The Time Travel Machine

Emma Biddington tried to keep her eyes open in history class. That was the truth. But history could be so boring, and well, a nap seemed so appealing. Her fifth grade teacher, Mrs. Cocker, was talking about world history, when:

“Emma?”

Emma’s eyes fluttered open. “Yes, Mrs. Cocker?” she wished she had been awake for the last half-hour.

“What time period are we learning about?” Mrs. Cocker’s eyes sparkled, as if she knew Emma had been asleep.

“Uh-well-um….The Medieval Times?” Nope. “The silk road?”

Mrs. Cocker shook her head no. “We have been learning about Ancient Egypt for the past week.”

Oops. There goes that A+, Emma thought to herself. She looked back up at Mrs. Cocker and sighed.

When school was out, Emma said good-bye to her friends, and walked down the pavement to her house. It was a considerably long trip there, so Emma planned what she was going to do when she got home. #1: Eat a snack. #2: Go outside in the woods and play. #3: Do homework until dinner.

The plan was a pretty good one, and Emma knew it. But when she finally reached her big, brick house, she wondered if her plan would go as, well,  planned. “I’m home, Mom!” she yelled.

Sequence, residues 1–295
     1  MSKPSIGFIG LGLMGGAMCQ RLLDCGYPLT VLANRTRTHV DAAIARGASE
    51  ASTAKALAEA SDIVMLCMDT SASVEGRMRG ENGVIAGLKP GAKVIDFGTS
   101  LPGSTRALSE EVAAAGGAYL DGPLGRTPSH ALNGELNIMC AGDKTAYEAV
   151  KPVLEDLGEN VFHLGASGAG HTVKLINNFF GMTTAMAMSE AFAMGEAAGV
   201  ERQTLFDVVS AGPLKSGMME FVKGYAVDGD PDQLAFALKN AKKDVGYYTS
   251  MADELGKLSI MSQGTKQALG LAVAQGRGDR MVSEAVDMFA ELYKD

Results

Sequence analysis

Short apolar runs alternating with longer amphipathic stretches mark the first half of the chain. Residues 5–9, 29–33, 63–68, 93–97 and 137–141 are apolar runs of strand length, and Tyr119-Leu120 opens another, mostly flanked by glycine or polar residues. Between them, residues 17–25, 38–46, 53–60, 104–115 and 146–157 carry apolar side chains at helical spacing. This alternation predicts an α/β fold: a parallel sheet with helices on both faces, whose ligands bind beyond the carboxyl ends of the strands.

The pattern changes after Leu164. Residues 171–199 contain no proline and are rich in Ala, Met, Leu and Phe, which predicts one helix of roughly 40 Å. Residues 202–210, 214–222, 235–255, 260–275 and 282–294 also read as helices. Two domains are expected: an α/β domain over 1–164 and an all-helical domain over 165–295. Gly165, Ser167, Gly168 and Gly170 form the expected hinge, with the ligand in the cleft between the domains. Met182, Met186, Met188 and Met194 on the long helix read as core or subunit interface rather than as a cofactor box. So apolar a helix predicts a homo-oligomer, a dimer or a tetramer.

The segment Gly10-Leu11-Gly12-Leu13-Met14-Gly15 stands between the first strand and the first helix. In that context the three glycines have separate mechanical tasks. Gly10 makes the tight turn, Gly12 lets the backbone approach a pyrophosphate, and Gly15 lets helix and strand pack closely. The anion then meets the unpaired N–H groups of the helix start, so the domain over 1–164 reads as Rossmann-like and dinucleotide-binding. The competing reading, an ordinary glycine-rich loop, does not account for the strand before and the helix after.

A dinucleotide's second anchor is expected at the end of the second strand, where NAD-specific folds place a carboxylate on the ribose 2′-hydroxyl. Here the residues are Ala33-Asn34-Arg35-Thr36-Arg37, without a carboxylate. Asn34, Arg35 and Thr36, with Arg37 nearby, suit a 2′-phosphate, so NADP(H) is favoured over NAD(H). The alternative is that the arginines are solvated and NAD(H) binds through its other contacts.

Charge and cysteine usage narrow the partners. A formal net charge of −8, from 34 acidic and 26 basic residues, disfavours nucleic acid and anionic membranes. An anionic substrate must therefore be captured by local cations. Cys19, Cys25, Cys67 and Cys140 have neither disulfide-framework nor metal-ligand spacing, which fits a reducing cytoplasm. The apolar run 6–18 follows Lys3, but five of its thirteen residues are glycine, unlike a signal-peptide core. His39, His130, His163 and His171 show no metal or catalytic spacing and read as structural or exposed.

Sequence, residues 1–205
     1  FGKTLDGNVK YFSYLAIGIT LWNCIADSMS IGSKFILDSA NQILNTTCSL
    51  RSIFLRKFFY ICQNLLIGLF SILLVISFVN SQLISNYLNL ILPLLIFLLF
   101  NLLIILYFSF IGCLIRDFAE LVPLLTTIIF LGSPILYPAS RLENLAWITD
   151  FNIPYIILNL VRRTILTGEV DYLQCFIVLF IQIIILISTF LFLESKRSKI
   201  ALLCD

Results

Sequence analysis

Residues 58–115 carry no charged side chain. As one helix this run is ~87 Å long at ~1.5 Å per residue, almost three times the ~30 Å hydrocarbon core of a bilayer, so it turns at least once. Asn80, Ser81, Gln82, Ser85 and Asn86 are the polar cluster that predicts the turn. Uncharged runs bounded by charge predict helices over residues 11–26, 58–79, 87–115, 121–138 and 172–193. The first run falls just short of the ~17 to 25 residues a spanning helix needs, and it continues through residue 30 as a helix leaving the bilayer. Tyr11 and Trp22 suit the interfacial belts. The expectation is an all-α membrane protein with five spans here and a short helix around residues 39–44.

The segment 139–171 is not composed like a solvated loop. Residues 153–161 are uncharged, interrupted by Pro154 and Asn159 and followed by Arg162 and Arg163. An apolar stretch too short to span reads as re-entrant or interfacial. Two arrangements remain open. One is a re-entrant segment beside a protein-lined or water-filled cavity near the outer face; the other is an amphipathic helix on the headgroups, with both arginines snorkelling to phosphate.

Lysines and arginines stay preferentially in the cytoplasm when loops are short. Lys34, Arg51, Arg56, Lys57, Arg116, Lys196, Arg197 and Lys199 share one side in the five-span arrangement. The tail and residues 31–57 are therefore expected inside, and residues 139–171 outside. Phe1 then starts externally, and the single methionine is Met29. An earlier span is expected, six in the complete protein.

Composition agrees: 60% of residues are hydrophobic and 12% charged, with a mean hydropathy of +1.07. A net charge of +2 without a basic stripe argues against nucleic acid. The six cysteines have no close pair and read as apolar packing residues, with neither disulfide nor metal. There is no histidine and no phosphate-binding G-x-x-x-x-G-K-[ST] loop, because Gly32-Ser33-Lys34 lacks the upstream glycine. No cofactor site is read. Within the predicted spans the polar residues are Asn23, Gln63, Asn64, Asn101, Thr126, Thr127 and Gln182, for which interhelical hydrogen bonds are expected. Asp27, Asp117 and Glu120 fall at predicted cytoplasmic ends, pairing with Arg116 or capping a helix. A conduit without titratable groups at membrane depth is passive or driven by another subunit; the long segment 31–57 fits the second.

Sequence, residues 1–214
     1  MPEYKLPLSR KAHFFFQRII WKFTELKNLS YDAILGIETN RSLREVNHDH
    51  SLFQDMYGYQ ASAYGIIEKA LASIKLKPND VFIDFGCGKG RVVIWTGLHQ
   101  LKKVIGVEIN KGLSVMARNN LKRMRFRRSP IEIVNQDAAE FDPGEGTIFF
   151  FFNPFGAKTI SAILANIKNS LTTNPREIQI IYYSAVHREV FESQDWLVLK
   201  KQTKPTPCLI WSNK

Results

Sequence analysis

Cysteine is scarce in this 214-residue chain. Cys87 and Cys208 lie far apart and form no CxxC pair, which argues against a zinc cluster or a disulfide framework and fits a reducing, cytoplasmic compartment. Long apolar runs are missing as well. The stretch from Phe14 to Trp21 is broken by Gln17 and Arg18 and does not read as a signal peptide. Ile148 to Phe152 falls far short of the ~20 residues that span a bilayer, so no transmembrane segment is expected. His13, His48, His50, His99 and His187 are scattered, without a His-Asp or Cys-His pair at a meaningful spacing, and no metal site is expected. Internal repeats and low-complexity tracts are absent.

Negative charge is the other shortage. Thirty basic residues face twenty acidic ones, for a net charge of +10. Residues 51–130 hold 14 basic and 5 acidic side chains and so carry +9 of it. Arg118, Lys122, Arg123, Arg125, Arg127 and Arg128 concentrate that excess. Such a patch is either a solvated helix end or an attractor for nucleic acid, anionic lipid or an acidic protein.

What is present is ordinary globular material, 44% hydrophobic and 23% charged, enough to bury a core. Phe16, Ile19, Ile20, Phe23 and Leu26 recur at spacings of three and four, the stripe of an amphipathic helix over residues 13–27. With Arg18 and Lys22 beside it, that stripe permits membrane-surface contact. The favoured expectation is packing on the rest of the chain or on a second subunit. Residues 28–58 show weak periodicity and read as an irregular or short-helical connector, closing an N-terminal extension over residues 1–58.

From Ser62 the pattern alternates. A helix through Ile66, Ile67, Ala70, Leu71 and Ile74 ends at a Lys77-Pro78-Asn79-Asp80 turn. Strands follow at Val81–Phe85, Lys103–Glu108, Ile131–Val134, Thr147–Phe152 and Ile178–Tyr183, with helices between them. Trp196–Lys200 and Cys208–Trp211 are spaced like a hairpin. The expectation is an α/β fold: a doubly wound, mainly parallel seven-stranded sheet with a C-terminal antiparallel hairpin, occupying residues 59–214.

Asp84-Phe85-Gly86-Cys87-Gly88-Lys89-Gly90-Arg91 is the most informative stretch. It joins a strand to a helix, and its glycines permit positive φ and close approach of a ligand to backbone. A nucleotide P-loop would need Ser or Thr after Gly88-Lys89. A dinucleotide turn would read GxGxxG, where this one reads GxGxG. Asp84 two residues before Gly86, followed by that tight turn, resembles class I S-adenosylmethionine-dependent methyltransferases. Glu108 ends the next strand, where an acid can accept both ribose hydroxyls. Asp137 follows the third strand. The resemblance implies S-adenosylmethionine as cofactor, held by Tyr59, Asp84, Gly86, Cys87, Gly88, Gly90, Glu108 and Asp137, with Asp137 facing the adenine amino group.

Mrs. Biddington stepped out of her bedroom.

“Oh, hi, Honey. I’m glad you’re home,” she said with a smile. “But we have something to chat about.” Emma didn’t have to ask what they were going to talk about, because she knew. It was about history. And naps.

“So, Emma, I’ve heard that you’ve been taking naps during history. Is that true?” her deep blue eyes searched Emma’s face.

“Yes,” answered Emma.

“That’s not acceptable, Sweetheart. I know you can do better than this.” Mrs. Biddington waved a report card in front of Emma. “A -C is not you’re best work.”

“Ok, Mom. I’ll try harder.” Emma said. She etched a large X on her chest. “Cross my heart.” Mrs. Biddington smiled at her daughter and kissed her lightly on the head.

“Ok, you can go now,” she said with a smile. “Just don’t forget to do your homework!”

Emma took the report and walked aways away. Then she read the note that Mrs. Cocker had written in her swirly, cursive handwriting: Emma is a very imaginative student. But, she does lack attention, and judging by her test scores, she can do better. Emma nodded. That was true.

After her snack of graham crackers and peanut butter, Emma walked out into the woods. As she practiced keeping her balance on a log, though, she noticed something she had never seen: a tall, box-like object that was spitting sparks. On the outside of a door were the words, “Time Travel Machine”.

To be continued…

 

 

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